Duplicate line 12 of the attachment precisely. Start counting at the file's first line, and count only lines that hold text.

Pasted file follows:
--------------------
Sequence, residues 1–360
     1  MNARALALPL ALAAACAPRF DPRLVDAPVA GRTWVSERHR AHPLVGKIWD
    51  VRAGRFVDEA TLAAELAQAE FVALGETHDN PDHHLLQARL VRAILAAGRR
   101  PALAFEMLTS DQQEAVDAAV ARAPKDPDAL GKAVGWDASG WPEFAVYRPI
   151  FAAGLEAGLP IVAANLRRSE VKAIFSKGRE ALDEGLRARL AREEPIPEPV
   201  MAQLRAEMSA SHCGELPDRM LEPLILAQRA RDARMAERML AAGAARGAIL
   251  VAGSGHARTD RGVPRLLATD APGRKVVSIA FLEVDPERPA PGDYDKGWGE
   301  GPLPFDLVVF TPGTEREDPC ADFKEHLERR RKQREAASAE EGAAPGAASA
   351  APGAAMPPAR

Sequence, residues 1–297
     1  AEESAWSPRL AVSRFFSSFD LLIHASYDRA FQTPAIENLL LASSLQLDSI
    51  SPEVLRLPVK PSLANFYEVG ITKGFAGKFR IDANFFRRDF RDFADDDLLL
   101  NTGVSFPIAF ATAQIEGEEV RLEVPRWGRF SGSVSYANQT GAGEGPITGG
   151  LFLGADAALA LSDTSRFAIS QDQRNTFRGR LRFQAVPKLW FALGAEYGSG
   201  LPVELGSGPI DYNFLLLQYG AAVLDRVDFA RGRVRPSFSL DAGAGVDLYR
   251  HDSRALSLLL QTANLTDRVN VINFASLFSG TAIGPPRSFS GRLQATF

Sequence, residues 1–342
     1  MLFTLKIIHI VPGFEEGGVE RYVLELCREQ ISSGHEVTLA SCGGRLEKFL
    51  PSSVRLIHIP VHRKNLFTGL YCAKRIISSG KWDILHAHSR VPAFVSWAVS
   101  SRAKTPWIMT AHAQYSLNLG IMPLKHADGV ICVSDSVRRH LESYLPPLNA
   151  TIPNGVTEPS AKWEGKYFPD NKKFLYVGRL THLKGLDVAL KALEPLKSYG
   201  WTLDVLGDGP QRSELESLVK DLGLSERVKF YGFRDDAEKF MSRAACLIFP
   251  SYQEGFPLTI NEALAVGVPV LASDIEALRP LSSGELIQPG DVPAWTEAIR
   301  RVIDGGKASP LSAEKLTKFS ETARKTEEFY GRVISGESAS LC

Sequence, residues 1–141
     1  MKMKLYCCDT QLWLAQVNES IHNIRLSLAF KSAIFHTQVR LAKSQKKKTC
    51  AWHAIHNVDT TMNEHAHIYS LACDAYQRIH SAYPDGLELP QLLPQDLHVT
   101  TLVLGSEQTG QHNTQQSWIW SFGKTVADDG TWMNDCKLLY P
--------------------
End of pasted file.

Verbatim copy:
    51  SPEVLRLPVK PSLANFYEVG ITKGFAGKFR IDANFFRRDF RDFADDDLLL